Don't give up on Loop Trolley, mayor says

Don't give up on Loop Trolley, mayor says

CITY HALL – In spite of a recent negative action by a joint committee of the Bi-State Development Agency’s Board of Commissioners, Mayor Lyda Krewson isn’t giving up on the Loop Trolley.

In a statement Friday, Krewson’s director of communications Jacob Long said the region had come too far and invested too much in the trolley to turn its back on it now.

“Defaulting would also send a negative message to the federal government that our region can’t be trusted with future federal investments, which we’ll undoubtedly need for other projects,” Long said in an email on Friday.

“It’s important for the region’s transportation partners to continue to discuss the Trolley’s future as a regional transit asset,” Long wrote. “What critics of the project may fail to realize is that walking away would put us all at risk of defaulting on federal grants totaling more than $20 million, which the Federal Transit Administration has already cautioned could result in a lawsuit.”

Asked whether he was talking specifically about Bi-State or somebody else in the region’s transportation infrastructure, Long responded, “I’m saying what I said.”
 A motion in a recent combined meeting of two subcommittees of the Bi-State Development Agency’s Board of Commissioners to send a plan for the agency to operate the troubled trolley system to the full board died recently for lack of a second.

After the vote, Bi-State President and CEO Taulby Roach said he planned to move on after the committees’ members had made their views clear.

He said he had been asked to look at how Bi-State could work with a troubled transit system. The Combined Operations and Audit, Finance & Administration Committees have made a decision, Roach said.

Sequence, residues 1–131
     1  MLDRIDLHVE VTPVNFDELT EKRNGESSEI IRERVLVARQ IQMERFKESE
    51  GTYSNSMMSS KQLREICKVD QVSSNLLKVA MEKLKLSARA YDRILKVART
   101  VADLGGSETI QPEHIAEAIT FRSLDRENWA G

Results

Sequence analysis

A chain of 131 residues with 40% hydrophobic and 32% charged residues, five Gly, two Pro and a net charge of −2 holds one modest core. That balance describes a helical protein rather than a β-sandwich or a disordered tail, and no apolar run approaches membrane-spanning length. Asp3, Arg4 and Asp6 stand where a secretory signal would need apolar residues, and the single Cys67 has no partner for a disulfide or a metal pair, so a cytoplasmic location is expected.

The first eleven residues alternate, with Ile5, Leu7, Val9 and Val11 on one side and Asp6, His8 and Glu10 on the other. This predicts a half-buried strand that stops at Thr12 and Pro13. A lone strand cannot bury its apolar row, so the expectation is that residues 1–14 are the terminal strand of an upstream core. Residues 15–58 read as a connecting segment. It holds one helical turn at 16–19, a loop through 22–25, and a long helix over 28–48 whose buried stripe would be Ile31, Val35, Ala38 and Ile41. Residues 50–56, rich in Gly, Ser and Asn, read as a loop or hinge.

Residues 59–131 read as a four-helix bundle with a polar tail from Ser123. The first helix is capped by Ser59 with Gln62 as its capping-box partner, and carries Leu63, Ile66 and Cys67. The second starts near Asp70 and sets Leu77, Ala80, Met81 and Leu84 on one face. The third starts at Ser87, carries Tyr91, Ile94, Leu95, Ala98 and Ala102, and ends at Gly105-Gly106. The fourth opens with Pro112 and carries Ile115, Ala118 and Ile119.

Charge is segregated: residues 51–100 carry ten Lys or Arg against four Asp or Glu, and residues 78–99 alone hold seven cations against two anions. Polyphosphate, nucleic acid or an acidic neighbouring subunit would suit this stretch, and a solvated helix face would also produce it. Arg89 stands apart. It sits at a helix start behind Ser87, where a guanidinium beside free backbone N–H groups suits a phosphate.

“That decision is for me to no longer move forward on it,” Roach said after that meeting. At that time, he wouldn’t say whether he thought the project was dead, only that he wasn’t working on it any more. 

Roach said Tuesday that he had read that the mayor wanted Bi-State to reconsider.

“I don’t see that as an official request to us to look at it,” Roach said. “At this point, I’m not moving any further.”

The 2.2-mile Loop Trolley from the Delmar Loop to the Missouri History Museum sputtered to a stop at the end of 2019 because actual ridership was far short of what was anticipated.

Should the project completely go into default, it might be harder for Bi-State to get federal transportation grants, Roach said after the recent meeting. 

During that meeting, Roach said that Bi-State could run the trolley for four more years by using leftover FTA grant money that has been used for different purposes. That would be $1.1 million for operations and $800,000 for capital purposes to improve the existing equipment.

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